* The magnitude and phase of H(jω| are given by,
1
 
ω
|H(jω)| = p , ∠H(jω) = − tan−1 .
1 + (ω/ω0 )2 ω 0

## M. B. Patil, IIT Bombay

A simple transfer function

R
(1/s C)
Vo = Vs ,
R + (1/s C)
1 1
Vs C Vo → H(s) = = ,
1+s RC 1 + (j ω/ω0)
1
ω0 = .
RC

## * The circuit behaves like a low-pass filter.

For ω  ω0 , |H(jω)| → 1.
For ω  ω0 , |H(jω)| ∝ 1/ω.
* The magnitude and phase of H(jω| are given by,
1
 
ω
|H(jω)| = p , ∠H(jω) = − tan−1 .
1 + (ω/ω0 )2 ω 0

## * We are generally interested in a large variation in ω (several orders), and its

effect on |H| and ∠H.

## M. B. Patil, IIT Bombay

A simple transfer function

R
(1/s C)
Vo = Vs ,
R + (1/s C)
1 1
Vs C Vo → H(s) = = ,
1+s RC 1 + (j ω/ω0)
1
ω0 = .
RC

## * The circuit behaves like a low-pass filter.

For ω  ω0 , |H(jω)| → 1.
For ω  ω0 , |H(jω)| ∝ 1/ω.
* The magnitude and phase of H(jω| are given by,
1
 
ω
|H(jω)| = p , ∠H(jω) = − tan−1 .
1 + (ω/ω0 )2 ω 0

## * We are generally interested in a large variation in ω (several orders), and its

effect on |H| and ∠H.
* The magnitude (|H|) varies by orders of magnitude as well.
The phase (∠H) varies from 0 (for ω  ω0 ) to −π/2 (for ω  ω0 ).

## M. B. Patil, IIT Bombay

A simple transfer function: magnitude

R
(1/s C)
Vo = Vs ,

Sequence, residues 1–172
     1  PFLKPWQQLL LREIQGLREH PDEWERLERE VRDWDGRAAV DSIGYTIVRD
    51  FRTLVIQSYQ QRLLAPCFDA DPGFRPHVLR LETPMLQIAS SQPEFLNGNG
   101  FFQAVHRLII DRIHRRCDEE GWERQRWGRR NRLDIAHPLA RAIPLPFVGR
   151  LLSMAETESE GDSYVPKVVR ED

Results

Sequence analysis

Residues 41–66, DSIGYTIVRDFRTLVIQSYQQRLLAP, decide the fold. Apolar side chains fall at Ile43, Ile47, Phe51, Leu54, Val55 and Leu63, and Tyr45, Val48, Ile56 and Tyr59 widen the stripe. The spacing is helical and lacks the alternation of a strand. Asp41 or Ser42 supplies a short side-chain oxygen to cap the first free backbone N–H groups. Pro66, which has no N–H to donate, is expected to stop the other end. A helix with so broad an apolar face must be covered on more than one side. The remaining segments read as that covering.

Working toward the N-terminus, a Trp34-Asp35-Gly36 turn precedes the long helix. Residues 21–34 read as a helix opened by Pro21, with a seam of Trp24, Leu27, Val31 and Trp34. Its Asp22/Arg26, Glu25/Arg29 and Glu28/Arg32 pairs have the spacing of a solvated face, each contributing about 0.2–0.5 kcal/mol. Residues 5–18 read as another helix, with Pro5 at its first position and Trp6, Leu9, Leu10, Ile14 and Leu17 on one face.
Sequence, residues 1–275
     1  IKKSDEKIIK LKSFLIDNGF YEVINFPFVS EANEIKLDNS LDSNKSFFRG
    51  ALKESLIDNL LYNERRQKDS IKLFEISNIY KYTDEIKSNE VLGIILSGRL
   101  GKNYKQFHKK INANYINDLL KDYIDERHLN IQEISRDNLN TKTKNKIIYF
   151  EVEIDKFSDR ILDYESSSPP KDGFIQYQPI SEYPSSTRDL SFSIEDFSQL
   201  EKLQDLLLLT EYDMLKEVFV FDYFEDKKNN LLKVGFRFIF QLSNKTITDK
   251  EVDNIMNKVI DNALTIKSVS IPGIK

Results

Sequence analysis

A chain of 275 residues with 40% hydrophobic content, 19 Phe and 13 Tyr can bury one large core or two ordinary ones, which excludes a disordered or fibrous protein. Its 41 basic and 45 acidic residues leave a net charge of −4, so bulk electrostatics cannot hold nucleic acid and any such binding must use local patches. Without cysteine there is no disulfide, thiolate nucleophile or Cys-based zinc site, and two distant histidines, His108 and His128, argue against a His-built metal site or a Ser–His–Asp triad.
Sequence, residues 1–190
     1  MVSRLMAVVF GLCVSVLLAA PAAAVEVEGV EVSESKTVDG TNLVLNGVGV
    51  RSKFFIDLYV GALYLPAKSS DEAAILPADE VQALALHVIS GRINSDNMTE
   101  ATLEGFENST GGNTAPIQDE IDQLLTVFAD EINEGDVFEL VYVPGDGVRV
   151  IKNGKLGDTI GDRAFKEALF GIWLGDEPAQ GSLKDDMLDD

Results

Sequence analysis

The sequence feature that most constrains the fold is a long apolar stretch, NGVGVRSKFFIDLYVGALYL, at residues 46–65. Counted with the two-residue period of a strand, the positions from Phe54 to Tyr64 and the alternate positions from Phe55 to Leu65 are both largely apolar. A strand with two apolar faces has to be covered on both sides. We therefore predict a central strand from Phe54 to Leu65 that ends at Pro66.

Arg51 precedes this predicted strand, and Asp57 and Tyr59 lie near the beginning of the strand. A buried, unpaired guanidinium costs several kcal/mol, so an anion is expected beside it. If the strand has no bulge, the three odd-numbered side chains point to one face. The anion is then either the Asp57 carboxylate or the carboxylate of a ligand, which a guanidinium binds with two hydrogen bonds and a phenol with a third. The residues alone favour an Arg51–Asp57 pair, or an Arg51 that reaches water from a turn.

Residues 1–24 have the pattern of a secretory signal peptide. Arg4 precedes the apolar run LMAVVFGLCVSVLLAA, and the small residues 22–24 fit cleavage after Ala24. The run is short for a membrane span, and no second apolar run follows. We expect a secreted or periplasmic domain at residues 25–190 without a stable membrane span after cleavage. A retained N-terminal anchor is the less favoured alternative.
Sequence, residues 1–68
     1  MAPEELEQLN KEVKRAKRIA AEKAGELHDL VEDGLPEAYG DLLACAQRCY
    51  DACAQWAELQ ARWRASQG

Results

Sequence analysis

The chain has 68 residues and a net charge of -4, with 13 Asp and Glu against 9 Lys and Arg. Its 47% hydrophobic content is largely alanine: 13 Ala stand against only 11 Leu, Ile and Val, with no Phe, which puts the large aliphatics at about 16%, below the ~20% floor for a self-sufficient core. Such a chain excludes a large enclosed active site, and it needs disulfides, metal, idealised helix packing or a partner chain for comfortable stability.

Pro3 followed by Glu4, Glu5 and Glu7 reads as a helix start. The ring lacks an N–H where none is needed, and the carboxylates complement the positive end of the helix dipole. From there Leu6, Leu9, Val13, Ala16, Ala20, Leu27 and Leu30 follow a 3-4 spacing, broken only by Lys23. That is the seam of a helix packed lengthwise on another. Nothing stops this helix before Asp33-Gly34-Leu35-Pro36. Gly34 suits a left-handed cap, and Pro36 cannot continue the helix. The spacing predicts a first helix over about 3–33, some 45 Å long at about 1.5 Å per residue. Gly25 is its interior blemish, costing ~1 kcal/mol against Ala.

R + (1/s C)
1 1
Vs C Vo → H(s) = = ,
1+s RC 1 + (j ω/ω0)
1
ω0 = .
RC
ω0

1 100 100

10−1 10−1

10−2 10−2

0 10−3 10−3
0 106 0 106 100 101 102 103 104 105 106

## M. B. Patil, IIT Bombay

A simple transfer function: magnitude

R
(1/s C)
Vo = Vs ,
R + (1/s C)
1 1
Vs C Vo → H(s) = = ,
1+s RC 1 + (j ω/ω0)
1
ω0 = .
RC
ω0

1 100 100

10−1 10−1

10−2 10−2

0 10−3 10−3
0 106 0 106 100 101 102 103 104 105 106

Since ω and |H(j ω)| vary by several orders of magnitude, a linear ω- or |H|-axis is not
appropriate → log |H| is plotted against log ω.

## M. B. Patil, IIT Bombay

A simple transfer function: magnitude

R
(1/s C)
Vo = Vs ,
R + (1/s C)
Vs 1 1
C Vo → H(s) = = ,
1+s RC 1 + (j ω/ω0)
1
ω0 = .
RC
ω0
0
10 0

10−1 −20

|H| (dB)
|H|

10−2 −40

10−3 −60
100 101 102 103 104 105 106 100 101 102 103 104 105 106

## M. B. Patil, IIT Bombay